Whatever your opinion of climate change and sustainability initiatives, there is a growing consumer demand for ethical and environmentally responsible goods and services, and that means a dual impact on market value.

Consumers are voting with their feet and moving away from multinational corporations that are perceived as harmful to the environment, for example, online retailers that have become associated with using an excess of plastic packaging.

At the same time, consumers are moving towards firms of all sizes that have clear credentials on environmental issues – and it’s becoming increasingly difficult for the big brands to get away with fudging the issue.

Customers want demonstrable commitments to sustainability and tackling climate change, including a move towards net-zero carbon emissions and 100% renewable energy wherever possible, as well as independent certification by third-party environmental groups.

For those organisations capable of delivering five-star performance on all of the various different environmental and ethical concerns, while still delivering desirable goods and services, the current climate means market growth is likely to follow.

Investors looking for a store of value in uncertain times might, therefore, find ethical investment to be the way to go. Performance over a number of years has now shown that supporting stocks with a stated aim to do good yields larger returns.

But even more crucially, during a down market, those funds have also kept more of their value, something many investors prioritise on an equal footing with growth during an upswing.

It is not unethical to make money while doing good – as the three criteria of the Good With Money review show – and we are now seeing the ethical market mature to a point where those gains are more positive, less volatile and convincingly sustainable over the long term.

How to invest in small ethical firms

Finally, ethical investors often prefer to support smaller SRI ventures, rather than put funds into multinationals who have only recently cleaned up their act or written an ESG policy that fits their existing practices.

There are funds that make it possible to focus more on smaller sustainable companies. One such example is the Triodos Pioneer Impact Fund. This has the added benefit of buying into the relatively recent trend for ‘impact investing’ – funds with a stated aim to achieve positive outcomes.

It has three primary features:

  • Global impact investment.
  • Support for SME ‘sustainable pioneers’.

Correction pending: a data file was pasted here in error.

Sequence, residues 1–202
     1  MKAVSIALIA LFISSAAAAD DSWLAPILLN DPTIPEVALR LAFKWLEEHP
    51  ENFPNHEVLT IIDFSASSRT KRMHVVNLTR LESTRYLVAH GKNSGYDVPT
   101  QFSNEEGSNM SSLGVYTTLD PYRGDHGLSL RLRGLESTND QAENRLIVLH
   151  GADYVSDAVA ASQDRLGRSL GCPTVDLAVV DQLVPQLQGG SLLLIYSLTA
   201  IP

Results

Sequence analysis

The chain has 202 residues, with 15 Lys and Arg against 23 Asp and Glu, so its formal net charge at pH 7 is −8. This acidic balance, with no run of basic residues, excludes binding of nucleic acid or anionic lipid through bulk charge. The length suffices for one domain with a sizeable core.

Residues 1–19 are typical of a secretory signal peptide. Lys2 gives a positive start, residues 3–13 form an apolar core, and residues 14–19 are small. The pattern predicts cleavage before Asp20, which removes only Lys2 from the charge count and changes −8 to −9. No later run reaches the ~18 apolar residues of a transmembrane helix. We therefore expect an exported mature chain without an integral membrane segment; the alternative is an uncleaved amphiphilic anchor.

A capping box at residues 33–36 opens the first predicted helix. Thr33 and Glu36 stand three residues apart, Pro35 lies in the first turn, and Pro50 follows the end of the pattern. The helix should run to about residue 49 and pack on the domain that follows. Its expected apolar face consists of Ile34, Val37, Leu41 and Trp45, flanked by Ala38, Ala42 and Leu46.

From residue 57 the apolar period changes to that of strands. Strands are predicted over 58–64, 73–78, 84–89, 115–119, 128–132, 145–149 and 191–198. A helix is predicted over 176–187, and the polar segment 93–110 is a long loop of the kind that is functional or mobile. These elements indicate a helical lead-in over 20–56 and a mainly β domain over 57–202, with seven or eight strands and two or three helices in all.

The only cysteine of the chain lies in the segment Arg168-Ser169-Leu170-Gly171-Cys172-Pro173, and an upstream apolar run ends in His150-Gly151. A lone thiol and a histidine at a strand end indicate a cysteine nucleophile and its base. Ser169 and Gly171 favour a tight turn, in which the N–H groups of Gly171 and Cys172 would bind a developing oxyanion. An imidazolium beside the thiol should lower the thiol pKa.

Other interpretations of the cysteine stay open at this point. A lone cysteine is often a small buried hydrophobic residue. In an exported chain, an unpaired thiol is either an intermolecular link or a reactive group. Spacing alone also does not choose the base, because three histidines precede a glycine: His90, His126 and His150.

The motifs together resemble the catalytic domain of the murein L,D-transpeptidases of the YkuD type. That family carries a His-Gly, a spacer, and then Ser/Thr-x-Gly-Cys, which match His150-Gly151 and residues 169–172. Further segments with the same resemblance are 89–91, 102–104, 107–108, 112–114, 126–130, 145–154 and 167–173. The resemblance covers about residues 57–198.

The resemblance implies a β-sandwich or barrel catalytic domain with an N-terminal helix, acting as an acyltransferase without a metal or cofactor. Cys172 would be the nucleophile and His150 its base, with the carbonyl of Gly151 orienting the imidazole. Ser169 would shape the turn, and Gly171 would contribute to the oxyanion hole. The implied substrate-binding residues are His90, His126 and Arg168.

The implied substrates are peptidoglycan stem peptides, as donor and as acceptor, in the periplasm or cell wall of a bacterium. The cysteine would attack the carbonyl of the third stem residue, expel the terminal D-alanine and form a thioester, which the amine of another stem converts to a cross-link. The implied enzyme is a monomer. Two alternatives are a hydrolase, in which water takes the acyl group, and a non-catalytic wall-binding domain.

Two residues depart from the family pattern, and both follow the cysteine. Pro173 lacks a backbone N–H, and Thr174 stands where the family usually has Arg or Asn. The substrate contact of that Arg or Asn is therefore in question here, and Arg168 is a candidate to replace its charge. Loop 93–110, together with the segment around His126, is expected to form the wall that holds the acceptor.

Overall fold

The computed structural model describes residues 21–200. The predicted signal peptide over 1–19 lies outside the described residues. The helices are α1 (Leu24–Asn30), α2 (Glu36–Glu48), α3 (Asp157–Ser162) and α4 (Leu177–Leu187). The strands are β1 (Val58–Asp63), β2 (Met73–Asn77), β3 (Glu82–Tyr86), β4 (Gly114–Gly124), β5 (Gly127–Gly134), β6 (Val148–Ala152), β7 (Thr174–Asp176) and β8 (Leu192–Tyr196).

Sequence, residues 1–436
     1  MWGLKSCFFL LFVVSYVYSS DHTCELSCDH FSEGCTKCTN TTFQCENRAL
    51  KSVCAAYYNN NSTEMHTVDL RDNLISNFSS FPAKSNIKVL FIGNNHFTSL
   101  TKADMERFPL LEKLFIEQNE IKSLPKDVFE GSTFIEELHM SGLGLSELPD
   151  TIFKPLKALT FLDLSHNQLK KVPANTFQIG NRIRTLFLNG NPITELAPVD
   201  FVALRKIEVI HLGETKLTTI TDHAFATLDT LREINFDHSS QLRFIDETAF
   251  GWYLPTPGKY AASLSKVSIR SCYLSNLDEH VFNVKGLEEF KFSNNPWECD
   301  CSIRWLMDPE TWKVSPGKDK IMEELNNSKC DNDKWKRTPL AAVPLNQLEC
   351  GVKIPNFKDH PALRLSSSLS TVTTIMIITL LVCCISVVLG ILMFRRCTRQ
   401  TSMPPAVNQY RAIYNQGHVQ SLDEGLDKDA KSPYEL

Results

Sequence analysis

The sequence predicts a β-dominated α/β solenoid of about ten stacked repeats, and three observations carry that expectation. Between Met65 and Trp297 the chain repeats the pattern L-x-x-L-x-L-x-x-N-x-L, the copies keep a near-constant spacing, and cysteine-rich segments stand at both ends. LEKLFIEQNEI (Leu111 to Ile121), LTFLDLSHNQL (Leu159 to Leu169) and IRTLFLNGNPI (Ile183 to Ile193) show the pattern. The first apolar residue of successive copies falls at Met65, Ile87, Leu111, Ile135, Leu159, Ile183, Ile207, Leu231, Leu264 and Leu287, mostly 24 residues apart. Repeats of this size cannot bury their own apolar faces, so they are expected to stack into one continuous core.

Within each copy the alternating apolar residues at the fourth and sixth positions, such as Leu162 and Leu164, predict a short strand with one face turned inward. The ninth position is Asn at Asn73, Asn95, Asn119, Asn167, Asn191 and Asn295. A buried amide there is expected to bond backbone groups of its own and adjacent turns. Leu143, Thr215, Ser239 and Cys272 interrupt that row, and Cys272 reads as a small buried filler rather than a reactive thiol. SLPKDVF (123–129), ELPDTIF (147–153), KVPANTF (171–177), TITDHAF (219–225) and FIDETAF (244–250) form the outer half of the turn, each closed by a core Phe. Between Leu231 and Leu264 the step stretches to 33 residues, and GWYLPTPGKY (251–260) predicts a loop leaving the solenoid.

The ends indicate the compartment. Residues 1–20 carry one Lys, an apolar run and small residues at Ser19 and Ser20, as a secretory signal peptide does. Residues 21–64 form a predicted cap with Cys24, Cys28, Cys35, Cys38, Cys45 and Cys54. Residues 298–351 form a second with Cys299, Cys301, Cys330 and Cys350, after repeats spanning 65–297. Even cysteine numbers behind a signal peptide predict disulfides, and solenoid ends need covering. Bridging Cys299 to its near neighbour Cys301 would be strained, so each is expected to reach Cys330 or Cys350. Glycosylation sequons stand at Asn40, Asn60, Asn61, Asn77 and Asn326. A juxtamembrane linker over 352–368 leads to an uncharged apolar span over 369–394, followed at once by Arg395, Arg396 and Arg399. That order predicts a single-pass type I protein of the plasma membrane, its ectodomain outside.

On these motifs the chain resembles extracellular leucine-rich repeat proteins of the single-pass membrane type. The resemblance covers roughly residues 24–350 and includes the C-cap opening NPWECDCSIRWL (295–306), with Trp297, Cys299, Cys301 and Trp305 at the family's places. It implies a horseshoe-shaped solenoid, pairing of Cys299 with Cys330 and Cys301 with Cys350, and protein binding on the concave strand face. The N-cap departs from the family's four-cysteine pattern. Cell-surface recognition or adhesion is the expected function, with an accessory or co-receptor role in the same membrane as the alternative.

• Collaboration with companies on sustainable outcomes.

That last point is one ethical investors might be especially interested in, as it takes the Pioneer Impact Fund from being a hands-off source of finance to be an engaged stakeholder in the companies it screens.

Investment in the fund starts from £1,000 in multiples of £500 and comes in the form of a stocks and shares ISA.

How does ethical SME investment rival large corporates?

Triodos’ own figures show that since April 2013, the Pioneer Impact Fund has outperformed the Morgan Stanley Capital International (MSCI) World Small & Mid Cap benchmark consistently, ending 2019 at an index of 220.4 vs. 208.1.

An alternative if you’re happy to invest in large listed companies instead of SMEs is the Triodos Global Equities Impact Fund, although this is trading slightly lower than its benchmark equivalent, the MSCI World fund, at an index of 199.9 vs. 213.1 since 2013.

It’s worth noting that this is still substantially positive growth – investors who bought into the Global Equities Impact Fund back in 2013 have doubled their money, while those who bought the Pioneer Impact Fund have gained over 120%.

For investors, the number of profitable options is increasing, and that means more market complexity. But it also means it’s easier to find a fund that closely aligns with your own priorities – whether that’s ethics, sustainability, energy or investing in SMEs.

Even better, as the SRI market reaches maturity, more and more funds are opening up to individual investors that offer all of the credentials listed above, supported by clear published policies and independently verified commitments, rather than vague marketing messages.

With steady and consistent upward growth across many of these funds and historical data now going back well over a decade, even the most prudent of investors have the opportunity to do their due diligence and incorporate ethical investments into a risk-averse equity growth portfolio.


Disclaimer: The information provided here is not investment, tax or financial advice. You should consult with a licensed professional for advice concerning your specific situation.